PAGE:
Note: Where available, the PDF/Word icon below is provided to view the complete and fully formatted document
 Download Full Day's HansardDownload Full Day's Hansard    View Or Save XMLView/Save XML

Previous Fragment    Next Fragment
Thursday, 20 June 1946


Mr Bernard Corser r asked the Minister representing the Postmaster-General, upon notice -

Will he consider a substantial reduction in postal and telegram and telephone rates, to come into operation in the next financial year and to operate from the 1st July?


Mr Calwell - The PostmasterGeneral has supplied the following answer : -

The matter of effecting a reduction in the postal, telegraph and telephone rates is one which must be considered in relation to budgetary requirements as a whole. The Government is still faced with exceptional financial obligations resulting from Australia's participation in the war and it is important that as much as possible of this expenditure should be met from general revenue. Whilst the Government is naturally anxious that the charges for post office services should be based on a low and favorable scale, it is regretted that, for the reasons mentioned, it is not practicable to reduce the tariffs at this stage or to indicate when it will be possible to do so. Honorable members may rest assured, however, that the matter will be reviewed sympathetically immediately the financial conditions permit.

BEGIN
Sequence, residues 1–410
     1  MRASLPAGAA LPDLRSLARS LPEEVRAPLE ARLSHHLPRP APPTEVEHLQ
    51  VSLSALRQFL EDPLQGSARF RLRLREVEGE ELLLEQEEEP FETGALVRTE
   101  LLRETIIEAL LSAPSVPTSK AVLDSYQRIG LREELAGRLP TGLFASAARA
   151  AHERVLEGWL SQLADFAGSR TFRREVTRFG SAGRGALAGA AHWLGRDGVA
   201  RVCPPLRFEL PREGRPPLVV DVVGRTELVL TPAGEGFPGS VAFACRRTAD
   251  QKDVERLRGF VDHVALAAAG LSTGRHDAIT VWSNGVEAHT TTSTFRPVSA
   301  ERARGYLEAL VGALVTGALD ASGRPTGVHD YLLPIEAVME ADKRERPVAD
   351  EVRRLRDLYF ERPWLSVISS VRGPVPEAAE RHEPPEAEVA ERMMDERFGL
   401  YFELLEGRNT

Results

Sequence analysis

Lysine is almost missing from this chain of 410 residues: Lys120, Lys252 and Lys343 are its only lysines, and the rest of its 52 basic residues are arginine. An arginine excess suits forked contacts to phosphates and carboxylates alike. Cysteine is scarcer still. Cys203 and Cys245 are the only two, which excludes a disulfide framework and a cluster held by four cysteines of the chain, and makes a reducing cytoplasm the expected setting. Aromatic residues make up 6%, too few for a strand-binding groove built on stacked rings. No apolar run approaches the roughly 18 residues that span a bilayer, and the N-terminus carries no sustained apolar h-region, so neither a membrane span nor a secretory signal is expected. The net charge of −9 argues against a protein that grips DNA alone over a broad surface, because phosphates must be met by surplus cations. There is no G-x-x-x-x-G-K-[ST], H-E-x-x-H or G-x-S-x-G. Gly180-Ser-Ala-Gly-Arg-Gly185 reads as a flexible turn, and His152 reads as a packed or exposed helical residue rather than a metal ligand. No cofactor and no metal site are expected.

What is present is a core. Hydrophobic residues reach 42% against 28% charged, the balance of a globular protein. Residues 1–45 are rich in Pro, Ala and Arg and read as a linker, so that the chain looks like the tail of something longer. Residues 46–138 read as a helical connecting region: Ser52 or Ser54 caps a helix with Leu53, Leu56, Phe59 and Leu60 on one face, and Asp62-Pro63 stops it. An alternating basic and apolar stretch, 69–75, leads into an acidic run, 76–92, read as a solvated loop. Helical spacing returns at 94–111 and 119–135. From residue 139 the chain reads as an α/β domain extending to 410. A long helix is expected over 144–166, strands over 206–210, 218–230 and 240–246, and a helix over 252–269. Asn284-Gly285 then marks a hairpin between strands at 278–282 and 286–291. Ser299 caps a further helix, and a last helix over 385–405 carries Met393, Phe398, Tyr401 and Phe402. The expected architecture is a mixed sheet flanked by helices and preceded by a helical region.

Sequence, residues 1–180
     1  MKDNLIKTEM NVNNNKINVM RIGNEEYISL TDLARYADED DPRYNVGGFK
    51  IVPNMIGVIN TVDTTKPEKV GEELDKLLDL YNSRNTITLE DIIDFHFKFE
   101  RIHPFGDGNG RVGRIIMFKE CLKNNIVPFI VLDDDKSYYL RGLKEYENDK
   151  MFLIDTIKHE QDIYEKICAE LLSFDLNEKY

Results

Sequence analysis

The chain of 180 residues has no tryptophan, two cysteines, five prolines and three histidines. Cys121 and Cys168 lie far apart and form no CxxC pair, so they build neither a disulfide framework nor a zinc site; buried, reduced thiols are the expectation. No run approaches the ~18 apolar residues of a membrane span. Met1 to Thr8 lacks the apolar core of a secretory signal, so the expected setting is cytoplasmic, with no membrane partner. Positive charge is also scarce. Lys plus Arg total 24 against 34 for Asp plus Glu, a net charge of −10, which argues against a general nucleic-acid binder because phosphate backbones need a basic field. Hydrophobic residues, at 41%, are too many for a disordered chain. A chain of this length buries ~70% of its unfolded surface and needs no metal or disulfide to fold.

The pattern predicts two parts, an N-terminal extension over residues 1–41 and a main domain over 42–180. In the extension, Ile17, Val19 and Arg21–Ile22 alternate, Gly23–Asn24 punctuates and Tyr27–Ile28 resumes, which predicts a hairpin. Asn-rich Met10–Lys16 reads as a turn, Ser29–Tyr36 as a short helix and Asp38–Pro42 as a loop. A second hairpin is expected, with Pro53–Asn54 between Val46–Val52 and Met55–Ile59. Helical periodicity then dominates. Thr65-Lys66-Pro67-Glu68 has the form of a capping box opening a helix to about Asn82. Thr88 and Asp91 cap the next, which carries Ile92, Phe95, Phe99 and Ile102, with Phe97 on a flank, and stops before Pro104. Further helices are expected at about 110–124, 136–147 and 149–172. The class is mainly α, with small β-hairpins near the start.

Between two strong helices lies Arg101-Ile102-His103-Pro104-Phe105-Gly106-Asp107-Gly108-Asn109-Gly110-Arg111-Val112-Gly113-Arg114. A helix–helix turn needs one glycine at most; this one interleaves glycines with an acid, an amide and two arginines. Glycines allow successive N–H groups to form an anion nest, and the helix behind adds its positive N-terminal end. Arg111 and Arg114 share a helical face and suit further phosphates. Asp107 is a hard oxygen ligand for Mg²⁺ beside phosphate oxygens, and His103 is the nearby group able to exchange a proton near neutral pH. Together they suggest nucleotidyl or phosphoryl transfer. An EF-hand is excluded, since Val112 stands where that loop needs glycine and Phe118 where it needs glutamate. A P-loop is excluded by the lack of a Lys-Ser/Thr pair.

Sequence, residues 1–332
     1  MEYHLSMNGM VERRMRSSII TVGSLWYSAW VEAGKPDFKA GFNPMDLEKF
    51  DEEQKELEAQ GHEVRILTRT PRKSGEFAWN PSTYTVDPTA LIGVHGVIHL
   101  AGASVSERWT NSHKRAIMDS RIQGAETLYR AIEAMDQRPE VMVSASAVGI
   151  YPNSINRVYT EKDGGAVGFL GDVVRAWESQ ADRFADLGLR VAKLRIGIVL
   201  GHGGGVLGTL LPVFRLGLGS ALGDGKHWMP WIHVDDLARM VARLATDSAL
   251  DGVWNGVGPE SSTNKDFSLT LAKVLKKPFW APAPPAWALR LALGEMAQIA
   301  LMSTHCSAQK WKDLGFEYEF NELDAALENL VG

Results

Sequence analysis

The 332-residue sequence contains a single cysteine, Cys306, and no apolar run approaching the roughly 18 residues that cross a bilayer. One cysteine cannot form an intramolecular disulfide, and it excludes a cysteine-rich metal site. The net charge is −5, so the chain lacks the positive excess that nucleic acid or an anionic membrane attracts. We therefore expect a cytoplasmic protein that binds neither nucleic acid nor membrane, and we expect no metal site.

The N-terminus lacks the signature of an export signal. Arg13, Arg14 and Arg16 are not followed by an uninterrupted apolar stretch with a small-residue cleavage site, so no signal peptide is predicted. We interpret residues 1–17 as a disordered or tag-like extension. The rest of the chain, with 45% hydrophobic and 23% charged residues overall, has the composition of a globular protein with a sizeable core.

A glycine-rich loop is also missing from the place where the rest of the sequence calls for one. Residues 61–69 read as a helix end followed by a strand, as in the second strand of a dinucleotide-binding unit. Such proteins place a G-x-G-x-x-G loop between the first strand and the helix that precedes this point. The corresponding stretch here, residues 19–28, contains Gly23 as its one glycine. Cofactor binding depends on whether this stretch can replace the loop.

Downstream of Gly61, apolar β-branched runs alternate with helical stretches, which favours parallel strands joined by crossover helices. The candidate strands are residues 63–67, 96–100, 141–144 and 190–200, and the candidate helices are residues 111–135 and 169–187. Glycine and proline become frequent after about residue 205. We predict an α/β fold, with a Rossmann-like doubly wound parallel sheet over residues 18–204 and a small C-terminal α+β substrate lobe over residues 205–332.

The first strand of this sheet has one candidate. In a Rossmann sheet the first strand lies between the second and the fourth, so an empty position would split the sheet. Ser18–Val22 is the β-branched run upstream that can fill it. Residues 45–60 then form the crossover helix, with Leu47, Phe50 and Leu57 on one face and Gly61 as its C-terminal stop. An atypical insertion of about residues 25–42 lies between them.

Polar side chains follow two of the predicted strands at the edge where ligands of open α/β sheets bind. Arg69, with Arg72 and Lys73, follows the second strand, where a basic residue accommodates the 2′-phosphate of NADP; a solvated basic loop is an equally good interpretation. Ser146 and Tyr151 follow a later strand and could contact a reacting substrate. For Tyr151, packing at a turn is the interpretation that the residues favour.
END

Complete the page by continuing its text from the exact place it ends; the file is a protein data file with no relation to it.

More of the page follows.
Mr Francis s asked the Minister representing the Postmaster-General, upon notice -

1.   Will the Government consider an early removal of the war postage tax?

2.   In view of the substantial post office surpluses what are the reasons for its present impositions?


Mr Calwell - The PostmasterGeneral has supplied the following answers: -

1.   The Government intends to give consideration to the removal of the warpostage tax immediately the financial conditions permit.

2.   Post office earnings are paid into general revenue, and the special charge of a halfpenny per postal article was prescribed by Parliament for the purpose of assisting the Government to meet the exceptional obligations arising from the war. Unfortunately, these obligations did not end with the cessation of hostilities and heavy commitments resulting from the successful prosecution of the war have still to be met. Consequently, it is regretted that the circumstances preclude the discontinuance of the surcharge at present.







Suggest corrections